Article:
from many parts of the city, and were decreased everywhere.
At the end of 1902, Prince Auguste d'Arenberg, President
of the Suez Canal Company asked Ross to save Ismailia, the
city that was built as a base for construction of the canal.
It was gravely threatened by malaria for a long time. Ross
led a sanitation drive so successful that by the following
year, the city officials announced that they no longer needed
mosquito nets and by 1904, a whole year had passed without
a single reported case of malaria in Ismailia. Ross's drastic
sanitary measures were even dubbed as "sanitary Bolshevism".
In the following years, Mosquito Ross, as
he was called, lent his services to Greece, Mauritius, Spain
and Panama and during World War I, at various places on the
always preaching the gospel of war against the anopheline mosquitoes.
His position within malaria research gave him special kudos,
even if his stridency and concentration on mosquito control
at the expense of social betterment or the systematic use of
quinine sometimes marginalized him from the malaria community.
The experience of the US Army in Cuba was replicated during
the construction of the Panama Canal between 1905-1910, where
Ronald Ross and William Gorgas worked together. Yellow fever
was eliminated and malaria incidence markedly reduced through
an integrated program of insect and malaria control.
In 1910, Ross wrote his sanitary axiom:
"Widespread diseases … cause much pain, poverty, sorrow,
expense and loss of prosperity … and the rule is to grudge
spending a hundred pounds for disease which costs
thousands...[Therefore] "for economic reasons alone,
governments are justified in spending for the prevention of
[malaria] a sum of money equal to the loss which the diseases
inflict on the people". [Ross, R. The Prevention of Malaria.
London, John Murray. 1910. pp. 295-296.]
War I (1914-1918) Ross was appointed a consultant physician
on tropical diseases to Indian troops and was sent to Alexandria
for four months to investigate an outbreak of dysentery which
was hampering troops in the Dardanelles.
Ross also initiated
organizations for the prevention of malaria within the planting
industries of India and Ceylon.
Ross's Prevention of Malaria ebook
many contributions to the epidemiology of malaria and to methods
of its survey and assessment, greatest being the development
of mathematical models for the study of its epidemiology.
He worked on the mathematical theory of epidemics. Through
the survey of the parasite index and the assessment of the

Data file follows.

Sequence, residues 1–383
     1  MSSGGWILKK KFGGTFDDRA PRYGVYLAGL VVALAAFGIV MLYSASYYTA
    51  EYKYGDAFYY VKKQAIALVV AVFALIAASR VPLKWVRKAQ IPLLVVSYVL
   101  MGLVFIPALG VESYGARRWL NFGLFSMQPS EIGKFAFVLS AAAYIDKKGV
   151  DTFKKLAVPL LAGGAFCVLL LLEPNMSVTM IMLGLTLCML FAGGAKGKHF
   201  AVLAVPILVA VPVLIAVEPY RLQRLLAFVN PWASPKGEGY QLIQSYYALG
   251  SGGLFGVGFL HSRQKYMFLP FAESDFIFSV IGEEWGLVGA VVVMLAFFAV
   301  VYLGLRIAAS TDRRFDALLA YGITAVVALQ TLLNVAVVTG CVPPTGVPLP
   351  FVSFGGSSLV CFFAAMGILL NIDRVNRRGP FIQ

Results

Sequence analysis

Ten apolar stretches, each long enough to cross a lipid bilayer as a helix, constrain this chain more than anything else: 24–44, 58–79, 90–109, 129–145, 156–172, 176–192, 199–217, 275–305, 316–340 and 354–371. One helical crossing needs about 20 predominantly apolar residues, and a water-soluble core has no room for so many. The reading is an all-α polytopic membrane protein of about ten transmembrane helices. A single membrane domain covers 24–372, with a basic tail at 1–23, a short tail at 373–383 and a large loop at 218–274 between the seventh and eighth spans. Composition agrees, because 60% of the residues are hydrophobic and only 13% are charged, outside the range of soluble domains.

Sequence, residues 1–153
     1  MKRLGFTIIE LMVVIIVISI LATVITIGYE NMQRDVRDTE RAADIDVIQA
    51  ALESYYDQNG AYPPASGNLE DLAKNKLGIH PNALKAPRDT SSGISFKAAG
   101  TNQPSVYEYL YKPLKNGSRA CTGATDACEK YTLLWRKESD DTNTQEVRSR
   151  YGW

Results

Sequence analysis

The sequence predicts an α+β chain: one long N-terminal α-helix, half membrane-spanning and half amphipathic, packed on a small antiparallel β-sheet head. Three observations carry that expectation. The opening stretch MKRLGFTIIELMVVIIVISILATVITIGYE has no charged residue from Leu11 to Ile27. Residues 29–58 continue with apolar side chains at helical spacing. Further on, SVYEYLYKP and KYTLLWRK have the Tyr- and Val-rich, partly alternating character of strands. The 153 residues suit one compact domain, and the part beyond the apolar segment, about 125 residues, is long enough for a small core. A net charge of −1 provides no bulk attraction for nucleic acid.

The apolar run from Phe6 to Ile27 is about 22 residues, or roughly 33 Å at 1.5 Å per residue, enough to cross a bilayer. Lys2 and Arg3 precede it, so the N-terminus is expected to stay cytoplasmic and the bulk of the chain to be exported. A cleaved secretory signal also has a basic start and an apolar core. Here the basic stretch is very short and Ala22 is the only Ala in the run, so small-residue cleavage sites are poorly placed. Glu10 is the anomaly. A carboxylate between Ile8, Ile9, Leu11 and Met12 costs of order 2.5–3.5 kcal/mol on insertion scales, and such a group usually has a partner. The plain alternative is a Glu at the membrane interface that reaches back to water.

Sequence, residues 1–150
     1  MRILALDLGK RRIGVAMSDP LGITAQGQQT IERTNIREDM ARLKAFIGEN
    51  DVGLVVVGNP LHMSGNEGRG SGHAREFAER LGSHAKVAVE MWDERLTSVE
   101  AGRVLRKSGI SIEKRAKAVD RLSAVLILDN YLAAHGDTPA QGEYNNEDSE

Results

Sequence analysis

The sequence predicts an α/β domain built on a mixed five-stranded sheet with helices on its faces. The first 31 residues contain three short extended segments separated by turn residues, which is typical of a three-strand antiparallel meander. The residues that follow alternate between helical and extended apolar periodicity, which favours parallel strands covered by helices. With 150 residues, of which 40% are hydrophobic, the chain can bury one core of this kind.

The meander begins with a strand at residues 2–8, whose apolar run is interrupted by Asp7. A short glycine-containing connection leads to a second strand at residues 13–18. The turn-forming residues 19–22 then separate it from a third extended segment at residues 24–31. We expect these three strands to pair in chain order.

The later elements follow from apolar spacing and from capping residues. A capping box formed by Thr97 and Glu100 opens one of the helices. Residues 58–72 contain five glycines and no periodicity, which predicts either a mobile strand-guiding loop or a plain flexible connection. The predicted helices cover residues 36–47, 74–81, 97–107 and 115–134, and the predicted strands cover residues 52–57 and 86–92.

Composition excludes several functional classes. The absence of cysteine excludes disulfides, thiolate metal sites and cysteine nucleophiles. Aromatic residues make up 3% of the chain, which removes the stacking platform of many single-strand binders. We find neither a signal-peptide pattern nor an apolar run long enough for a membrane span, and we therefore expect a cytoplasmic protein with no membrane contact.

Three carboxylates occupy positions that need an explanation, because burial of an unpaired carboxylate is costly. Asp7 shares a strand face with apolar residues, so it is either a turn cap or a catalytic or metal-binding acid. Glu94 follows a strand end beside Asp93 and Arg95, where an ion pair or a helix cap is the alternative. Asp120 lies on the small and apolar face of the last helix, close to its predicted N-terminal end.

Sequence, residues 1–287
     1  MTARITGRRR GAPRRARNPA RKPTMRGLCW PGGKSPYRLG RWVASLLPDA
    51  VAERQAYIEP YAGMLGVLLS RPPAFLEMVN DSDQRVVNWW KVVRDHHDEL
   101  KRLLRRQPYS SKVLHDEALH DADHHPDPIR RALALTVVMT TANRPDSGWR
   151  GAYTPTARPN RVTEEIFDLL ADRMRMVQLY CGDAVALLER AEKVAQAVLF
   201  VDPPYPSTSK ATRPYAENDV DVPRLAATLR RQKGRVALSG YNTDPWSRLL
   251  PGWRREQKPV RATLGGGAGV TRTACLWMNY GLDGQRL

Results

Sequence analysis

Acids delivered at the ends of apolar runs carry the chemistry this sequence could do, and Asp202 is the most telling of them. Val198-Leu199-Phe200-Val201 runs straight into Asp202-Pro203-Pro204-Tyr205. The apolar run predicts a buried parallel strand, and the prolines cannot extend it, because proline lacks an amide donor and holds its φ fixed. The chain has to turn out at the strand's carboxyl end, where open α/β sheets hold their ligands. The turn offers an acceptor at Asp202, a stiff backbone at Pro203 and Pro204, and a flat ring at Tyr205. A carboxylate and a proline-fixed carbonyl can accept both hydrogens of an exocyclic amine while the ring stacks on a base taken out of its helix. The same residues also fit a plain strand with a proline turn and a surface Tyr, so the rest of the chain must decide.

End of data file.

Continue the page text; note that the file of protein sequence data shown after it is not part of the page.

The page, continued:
spleen rate in children he founded the malariometry as a epidemiological
tool, focused attention on the relation of malaria and the
community and on the complexity of the transmission dynamics.
It provided the basis for calculating the rate at which malaria
spreads and the quantity of material and personnel required
for checking the epidemic. By demonstrating how much malaria
cost the governments of malarious countries, and how it was
much more efficient to prevent it in the first place, Ross
offered a sober reminder of the economics of prevention. He
demonstrated mathematically how reducing the concentration
of anopheline mosquitoes could have a real and potentially
cumulative effect, but his mathematics went over the heads
of his contemporaries. His pioneering contributions to malarial
epidemiology were not appreciated until two decades after
his death. Ross's analysis of the economics of malaria control
also went largely unheeded. The message is still relevant
and is still too little-heeded by politicians and health planners.
Ross had lot
of appreciation for Laveran, Koch and of course his mentor,
Sir Patrick Manson. Koch's suggestions on immunity in malaria
also impressed Ross. Koch's support for control efforts was
also praised by Ross.
But Ross had
a bitter feud with Italian physician Giovanni Battista Grassi,
who in September 1898, reported that Anopheles claviger was
the carrier of human malaria. Grassi, Amico Bignami and and
Giuseppe Bastianelli made the mosquitoes bite a human volunteer
and on the eleventh day, the patient developed a malarial
chill. Examination of his blood revealed large numbers of
plasmodia. But when he published, Grassi failed to give credit
to Ross. Ross was furious. Thoroughly convinced that Grassi
was trying to steal his discovery from him, Ross sent angry
letters to the journals that had published Grassi's papers,
asserting that Grassi was a mountebank, a cheap crook, a parasite
who survived on the ideas of others. Grassi replied in equally
acrimonious terms. So vicious did the correspondence become
that journal editors, fearful of libel, hesitated to publish
the letters. But Ross and Grassi did not stop feuding. Both
enlisted the aid of the authorities on tropical medicine.
Ross was able to obtain letters from Dr. T. Edmundston Charles,